According to the US Department of Justice, NPA provided “material support” to Iran, Hamas, the Popular Front for the Liberation of Palestine (PFLP), and the Democratic Front for the Liberation of Palestine (DFLP) – designated terrorist organizations under US law. As a result of these partnerships, in March 2018, NPA settled a civil-fraud suit, paying a $2 million settlement to the US.
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|Publications:||Reports, Books, Academic Publications, Submissions, Resource Pages|
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|Start date:||1 Jan 1988|
|End date:||29 Sep 2022|
B’Tselem’s report “Minors in Jeopardy,” was funded by UNICEF and echoes the claims of Defense for Children International – Palestine, UNICEF, Military Court Watch, and its own 2012 and 2015 reports on the subject. This practice of “copying and pasting” and the financial support provided by UNICEF demonstrate the close coordination between Palestinian, Israeli, and international non-governmental organizations in a concerted effort to falsely accuse the IDF of systematically violating the rights of Palestinian minors in order to impose sanctions against Israel.
This report provides background on the situation of women and women’s groups within Palestinian society. The report analyses the highly restrictive and coercive civil space and provides an overview of Palestinian female role models, the vast majority of whom are celebrated for their participation in violent “resistance.” The report also looks at the role of the international community in perpetuating this state of affairs, whether through funding of radical Palestinian NGOs, or through granting international legitimacy to these groups in multilateral forums such as the UN.
European funding for strengthening civil society should consider whether some NGO recipients may actually be contributing to shrinking civil space. At least one Palestinian organization uses control of foreign donations to enforce uniformity of thought amongst local NGOs.
Human Rights Watch is a powerful NGO, with a massive budget, close links to Western governments, and significant influence in international institutions. Its publications reflect the absence of professional standards, research methodologies, and military and legal expertise, as well as a deep-seated ideological bias against Israel. HRW’s review of “Israel and Palestine: Events of 2017,” reflects these same methodological flaws, resulting in a highly skewed representation of Israeli domestic and international law.
UNICEF spearheads a campaign to have Israel included on a UN blacklist of “grave” vio-lators of children’s rights. This political agenda is a primary facet of UNICEF’s activities relating to Israel, completely inconsistent with its mandate of “child protection” and from its guidelines for neutrality and impartiality.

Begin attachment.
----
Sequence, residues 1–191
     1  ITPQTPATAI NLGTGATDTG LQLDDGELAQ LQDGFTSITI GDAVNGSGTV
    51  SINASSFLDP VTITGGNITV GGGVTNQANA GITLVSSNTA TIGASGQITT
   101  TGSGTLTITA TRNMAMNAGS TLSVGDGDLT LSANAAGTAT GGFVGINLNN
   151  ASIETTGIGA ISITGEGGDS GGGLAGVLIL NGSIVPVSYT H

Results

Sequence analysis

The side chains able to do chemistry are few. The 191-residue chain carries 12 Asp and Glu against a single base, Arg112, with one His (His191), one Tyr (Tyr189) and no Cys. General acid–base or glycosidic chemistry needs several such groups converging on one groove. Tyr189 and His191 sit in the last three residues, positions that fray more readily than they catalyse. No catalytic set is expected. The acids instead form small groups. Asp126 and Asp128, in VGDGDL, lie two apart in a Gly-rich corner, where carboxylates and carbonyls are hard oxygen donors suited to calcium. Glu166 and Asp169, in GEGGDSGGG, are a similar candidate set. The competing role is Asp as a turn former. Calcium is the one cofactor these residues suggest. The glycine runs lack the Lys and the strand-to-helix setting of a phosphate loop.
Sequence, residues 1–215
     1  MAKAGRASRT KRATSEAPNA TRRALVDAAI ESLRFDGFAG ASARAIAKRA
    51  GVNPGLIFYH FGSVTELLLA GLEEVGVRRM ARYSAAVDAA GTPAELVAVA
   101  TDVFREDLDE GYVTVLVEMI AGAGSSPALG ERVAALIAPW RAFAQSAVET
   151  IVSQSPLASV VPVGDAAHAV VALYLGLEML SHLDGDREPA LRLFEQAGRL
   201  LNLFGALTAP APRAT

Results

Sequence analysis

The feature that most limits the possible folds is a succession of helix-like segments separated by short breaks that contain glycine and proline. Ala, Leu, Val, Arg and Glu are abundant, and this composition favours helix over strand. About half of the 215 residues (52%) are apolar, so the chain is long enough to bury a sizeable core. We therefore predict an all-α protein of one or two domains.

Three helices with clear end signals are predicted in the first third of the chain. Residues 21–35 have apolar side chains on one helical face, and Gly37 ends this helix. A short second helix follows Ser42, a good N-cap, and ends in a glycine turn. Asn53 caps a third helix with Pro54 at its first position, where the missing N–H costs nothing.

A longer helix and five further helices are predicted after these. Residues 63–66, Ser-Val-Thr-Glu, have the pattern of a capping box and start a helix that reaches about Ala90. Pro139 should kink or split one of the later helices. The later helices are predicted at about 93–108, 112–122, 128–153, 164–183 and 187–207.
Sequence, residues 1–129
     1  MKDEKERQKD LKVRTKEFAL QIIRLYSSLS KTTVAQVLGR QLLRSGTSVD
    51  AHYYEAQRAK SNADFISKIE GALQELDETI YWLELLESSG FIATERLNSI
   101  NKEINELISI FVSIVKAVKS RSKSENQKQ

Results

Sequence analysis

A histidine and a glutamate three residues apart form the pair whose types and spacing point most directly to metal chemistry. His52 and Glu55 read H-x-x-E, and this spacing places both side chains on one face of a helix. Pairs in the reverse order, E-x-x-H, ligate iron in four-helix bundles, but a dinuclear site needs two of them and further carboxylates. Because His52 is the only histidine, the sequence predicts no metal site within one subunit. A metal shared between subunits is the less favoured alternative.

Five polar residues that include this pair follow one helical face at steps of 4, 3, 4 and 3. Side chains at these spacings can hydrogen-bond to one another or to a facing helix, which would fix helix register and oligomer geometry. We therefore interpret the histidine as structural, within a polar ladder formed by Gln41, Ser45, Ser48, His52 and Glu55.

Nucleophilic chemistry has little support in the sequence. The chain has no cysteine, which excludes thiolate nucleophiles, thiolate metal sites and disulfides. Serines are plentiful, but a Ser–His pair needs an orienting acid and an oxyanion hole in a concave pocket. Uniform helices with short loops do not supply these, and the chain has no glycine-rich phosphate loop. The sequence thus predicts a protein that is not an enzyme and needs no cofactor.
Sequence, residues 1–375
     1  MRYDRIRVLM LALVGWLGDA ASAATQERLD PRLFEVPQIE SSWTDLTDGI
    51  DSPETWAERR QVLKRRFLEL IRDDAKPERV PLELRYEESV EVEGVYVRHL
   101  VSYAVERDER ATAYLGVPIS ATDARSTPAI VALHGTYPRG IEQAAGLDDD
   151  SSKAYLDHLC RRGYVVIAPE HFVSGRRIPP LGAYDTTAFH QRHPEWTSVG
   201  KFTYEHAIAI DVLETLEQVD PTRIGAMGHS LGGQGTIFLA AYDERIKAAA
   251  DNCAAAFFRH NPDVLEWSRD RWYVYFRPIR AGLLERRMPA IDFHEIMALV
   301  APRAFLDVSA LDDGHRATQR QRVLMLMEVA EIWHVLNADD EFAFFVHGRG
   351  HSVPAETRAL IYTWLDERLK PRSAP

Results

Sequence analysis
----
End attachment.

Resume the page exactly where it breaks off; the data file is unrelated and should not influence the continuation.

Military Court Watch is an opaque organization that claims to work on issues related to ensuring children are protected under international law. In reality, MCW’s activities are part of a broader non-governmental organization (NGO) propaganda campaign that exploits concerns over children’s rights to demonize Israel. The NGO was founded and is led by Gerard Horton, who was previously involved with the Palestinian NGO Defense for Children International – Palestine, which promotes a similar agenda.
On December 15, 2017, AJ+ – part of the Al Jazeera network – posted a video on its Twitter, that was also widely disseminated in an offensive tweet by Human Rights Watch Executive Director Ken Roth, alleging that Israel “systematically harasses and abuses Palestinian kids.” The video parrots blatantly false and/or misleading claims by non-governmental organization (NGO) regarding Israel’s treatment of Palestinian minors, and goes so far as to claim that Israel has no reason to arrest minors (0:27) – regardless of the fact that some minors are perpetrators of violent terror attacks, including murder.
EU Annual Report on Human Rights and Democracy: False Claims, Contradictions, and Reliance on Advocacy NGOs
On October 16, 2017, the Council of the European Union adopted the EU Annual Report on Human Rights and Democracy in the World in 2016. The report makes several misleading, inconsistent, and grossly inaccurate claims, as well as disregards a number of EU norms and official stances. The publication fails to provide references or any verifiable sources, violating basic rules of evidence. The degree to which these sections copy from and rely on problematic reports by advocacy NGOs highlights the broader issue of EU outsourcing of responsibility for analysis and policy-making without oversight.